In your career, how many change initiatives have you experienced? Of those, how many actually succeeded? For too many people, the answer is very few.
The fact is that over 70% of change initiatives fail, whether that be due to a poor strategy, poor change leadership, or poor execution. As a result, over time individuals become suspicious, cynical, and even downright resistant to change of any shape or size, regardless of how well-intentioned the change initiative may be.
Unfortunately, many people leaders see this as employees being “difficult.” Their employees ask too many questions, point out problems, question the strategy, or generally drag their heels. For this reason, some leaders altogether avoid including their team in the change process as it quickly becomes a negative experience for both parties.
While this may be a common scenario to play out in the workplace, it is a mistake not to involve your team. According to research by Gartner, organizations where the change management process involved employees by co-creating the strategy, having employees take responsibility for planning how to implement the change into their daily lives, and openly communicating about the change, saw:
- An increased chance of success from 34% to 58%
- A decrease in implementation time by 33%
- An increase in employee engagement by 38%
- An increased intent to stay at the organization by 46%
In order to see the benefits listed above for yourself, those in people management positions need to engage their employees throughout the process. Here are a few ways to do just that.
How To Get Your Team To Embrace Change
- Seek input
- Encourage questions
- Get feedback
- Redefine responsibilities
- Provide individual support
- Celebrate progress
When you’re the one initiating change, make an effort to seek input from your employees before making a decision. Your team has differing views, knowledge, and ideas, and by tapping into that, you are making them feel involved in the process and a part of its success.
The one question on every employee's mind when change is initiated is, “Why is this necessary?” This information is essential for employees if you expect them to be invested in the change you are asking them to make. They need to have time to ask questions to wrestle with the change in their minds. By encouraging questions, you’re showing them that you want them involved in the process and onboard to embrace change.
So, try not to get defensive when individuals ask questions or are seemingly poking holes in the strategy. Instead, patiently answer their questions and give them the level of clarity they need. In doing so, you are helping them get to the point where they are ready to embrace the change they may otherwise have resisted.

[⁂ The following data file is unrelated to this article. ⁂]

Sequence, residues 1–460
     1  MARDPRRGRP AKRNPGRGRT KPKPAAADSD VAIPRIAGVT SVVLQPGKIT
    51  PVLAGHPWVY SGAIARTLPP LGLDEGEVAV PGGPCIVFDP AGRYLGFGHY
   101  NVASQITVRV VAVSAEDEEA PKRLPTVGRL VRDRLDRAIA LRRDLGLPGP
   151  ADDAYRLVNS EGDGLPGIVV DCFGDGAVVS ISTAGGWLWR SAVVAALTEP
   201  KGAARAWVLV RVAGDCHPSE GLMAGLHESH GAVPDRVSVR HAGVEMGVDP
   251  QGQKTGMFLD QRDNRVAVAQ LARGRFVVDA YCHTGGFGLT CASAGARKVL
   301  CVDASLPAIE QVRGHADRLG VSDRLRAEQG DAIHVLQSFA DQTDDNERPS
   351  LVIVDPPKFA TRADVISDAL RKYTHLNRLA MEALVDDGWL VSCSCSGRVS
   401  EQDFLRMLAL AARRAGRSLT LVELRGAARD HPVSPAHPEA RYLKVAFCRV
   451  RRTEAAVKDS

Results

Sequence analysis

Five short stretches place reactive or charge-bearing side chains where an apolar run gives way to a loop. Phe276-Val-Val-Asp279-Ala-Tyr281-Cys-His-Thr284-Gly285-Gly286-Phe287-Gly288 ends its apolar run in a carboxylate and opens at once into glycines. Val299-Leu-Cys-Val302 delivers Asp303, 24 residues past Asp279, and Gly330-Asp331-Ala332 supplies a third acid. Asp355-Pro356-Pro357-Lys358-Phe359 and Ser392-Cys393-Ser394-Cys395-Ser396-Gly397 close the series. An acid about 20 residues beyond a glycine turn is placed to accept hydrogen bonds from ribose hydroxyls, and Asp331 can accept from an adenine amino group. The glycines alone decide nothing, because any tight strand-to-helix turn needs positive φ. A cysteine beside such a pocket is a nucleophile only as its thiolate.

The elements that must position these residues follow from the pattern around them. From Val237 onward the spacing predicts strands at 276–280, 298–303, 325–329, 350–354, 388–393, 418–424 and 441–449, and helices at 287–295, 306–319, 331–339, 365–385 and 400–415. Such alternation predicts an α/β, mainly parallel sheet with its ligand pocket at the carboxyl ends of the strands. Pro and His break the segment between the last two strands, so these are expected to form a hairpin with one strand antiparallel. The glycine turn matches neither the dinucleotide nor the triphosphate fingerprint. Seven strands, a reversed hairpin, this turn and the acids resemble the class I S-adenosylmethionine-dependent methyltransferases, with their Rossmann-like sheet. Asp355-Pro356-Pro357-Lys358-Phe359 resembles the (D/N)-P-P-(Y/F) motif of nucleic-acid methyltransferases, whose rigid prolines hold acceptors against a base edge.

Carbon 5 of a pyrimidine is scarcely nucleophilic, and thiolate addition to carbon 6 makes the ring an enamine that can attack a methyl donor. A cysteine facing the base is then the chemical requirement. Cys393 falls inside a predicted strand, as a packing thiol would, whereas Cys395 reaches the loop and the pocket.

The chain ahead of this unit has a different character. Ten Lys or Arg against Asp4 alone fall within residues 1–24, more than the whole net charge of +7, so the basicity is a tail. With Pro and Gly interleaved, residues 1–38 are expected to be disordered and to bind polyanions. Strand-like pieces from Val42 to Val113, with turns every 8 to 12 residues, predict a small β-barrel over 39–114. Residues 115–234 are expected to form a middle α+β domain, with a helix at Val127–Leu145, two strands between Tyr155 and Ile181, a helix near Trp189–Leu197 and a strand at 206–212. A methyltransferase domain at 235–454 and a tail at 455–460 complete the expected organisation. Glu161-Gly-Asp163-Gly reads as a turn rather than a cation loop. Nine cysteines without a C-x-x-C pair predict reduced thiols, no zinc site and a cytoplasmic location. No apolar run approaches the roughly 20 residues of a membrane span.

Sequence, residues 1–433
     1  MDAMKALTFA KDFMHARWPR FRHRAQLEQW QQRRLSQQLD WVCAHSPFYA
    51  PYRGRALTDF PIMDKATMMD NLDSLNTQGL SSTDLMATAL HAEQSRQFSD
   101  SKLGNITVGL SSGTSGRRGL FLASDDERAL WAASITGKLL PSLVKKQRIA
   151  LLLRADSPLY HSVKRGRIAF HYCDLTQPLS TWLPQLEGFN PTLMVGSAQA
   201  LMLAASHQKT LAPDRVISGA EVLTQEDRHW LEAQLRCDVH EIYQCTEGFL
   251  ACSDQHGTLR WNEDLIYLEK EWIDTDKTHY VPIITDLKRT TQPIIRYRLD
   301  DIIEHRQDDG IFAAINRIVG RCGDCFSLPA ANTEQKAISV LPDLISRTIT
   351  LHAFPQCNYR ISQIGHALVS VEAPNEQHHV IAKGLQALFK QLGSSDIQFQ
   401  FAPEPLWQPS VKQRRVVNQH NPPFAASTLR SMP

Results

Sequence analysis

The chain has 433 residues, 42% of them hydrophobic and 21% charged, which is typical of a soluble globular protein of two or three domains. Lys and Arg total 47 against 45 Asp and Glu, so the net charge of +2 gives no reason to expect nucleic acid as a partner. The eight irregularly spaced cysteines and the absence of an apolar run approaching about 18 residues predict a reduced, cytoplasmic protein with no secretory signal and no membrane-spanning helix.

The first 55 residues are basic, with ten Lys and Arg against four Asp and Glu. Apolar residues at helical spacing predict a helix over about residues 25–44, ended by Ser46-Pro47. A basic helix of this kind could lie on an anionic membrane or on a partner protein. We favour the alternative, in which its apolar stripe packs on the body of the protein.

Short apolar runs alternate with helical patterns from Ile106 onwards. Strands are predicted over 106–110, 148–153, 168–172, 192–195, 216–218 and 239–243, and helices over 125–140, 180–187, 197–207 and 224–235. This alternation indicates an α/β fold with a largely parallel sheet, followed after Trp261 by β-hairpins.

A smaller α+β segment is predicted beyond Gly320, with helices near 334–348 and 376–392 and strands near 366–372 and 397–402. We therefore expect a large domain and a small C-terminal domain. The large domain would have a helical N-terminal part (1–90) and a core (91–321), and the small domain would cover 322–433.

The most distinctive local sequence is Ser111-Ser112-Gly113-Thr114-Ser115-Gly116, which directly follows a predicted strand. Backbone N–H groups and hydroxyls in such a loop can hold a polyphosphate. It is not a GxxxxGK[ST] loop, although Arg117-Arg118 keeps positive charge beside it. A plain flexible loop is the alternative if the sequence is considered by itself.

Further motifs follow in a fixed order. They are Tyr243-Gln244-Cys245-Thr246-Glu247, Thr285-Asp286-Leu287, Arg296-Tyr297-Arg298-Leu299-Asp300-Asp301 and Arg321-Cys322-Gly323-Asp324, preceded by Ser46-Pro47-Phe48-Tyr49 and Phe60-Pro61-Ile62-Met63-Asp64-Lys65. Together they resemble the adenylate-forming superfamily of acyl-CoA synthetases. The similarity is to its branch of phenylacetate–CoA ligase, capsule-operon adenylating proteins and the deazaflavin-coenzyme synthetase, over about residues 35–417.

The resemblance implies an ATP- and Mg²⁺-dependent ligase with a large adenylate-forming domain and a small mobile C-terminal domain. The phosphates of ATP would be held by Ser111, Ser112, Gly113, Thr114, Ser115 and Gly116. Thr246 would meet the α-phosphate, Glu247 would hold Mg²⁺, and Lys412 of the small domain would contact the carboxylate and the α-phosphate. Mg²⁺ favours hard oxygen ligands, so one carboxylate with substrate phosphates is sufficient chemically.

Periodically, seek your team’s input and feedback on how the change implementation is going. Uncover what they feel has been successful and what has been a struggle. Also, seek feedback on how you’re doing as a leader. Given that they are putting the change into action day-to-day, it is likely that what they have to say has value and could positively impact the initiative's likelihood of success.
Collaboratively Redefine Responsibilities and Goals
Once your employees know why they have to change, it’s time to define what has to change, which you can do by redefining goals, expectations, and responsibilities. At this point, it’s best if you do this collaboratively as a team or one-on-one with individual employees to build a sense of ownership and accountability to their part of the change initiative.
As Steve Jobs is noted as saying, “It doesn’t make sense to hire smart people and then tell them what to do; we hire smart people so they can tell us what to do.” Equip your team with the rationale for the change and the information they need, then afford them the autonomy to decide how they will make it happen.
Host One-On-One Meetings to Provide Individual Support As Needed
In any change initiative, there will be varying degrees of buy-in from your team. Some individuals may embrace change from the start, while others may struggle with how it may impact them personally. For this reason, you need to set up regular, recurring one-on-one meetings from the get-go. During this dedicated time together, you can provide coaching, reassurance, and support as required to keep up the individual’s morale and momentum.
Plan for Success Together
During a change of any nature, your team will inevitably experience a range of highs and lows, as well as successes and setbacks. For this reason, it is especially important to set milestones (big and small!) that you intend to celebrate throughout the process. These celebrations are what your team will need to keep pushing forward towards the end goal.
Conclusion: develop your change management skills with Niagara Institute
Part of the change process is preparing yourself with the tools, techniques, and skills you need to be a great change leader whose team embraces change not avoids it. The tips listed above are a great starting point, but you will see and feel a real difference in your abilities by participating in a change management training program.
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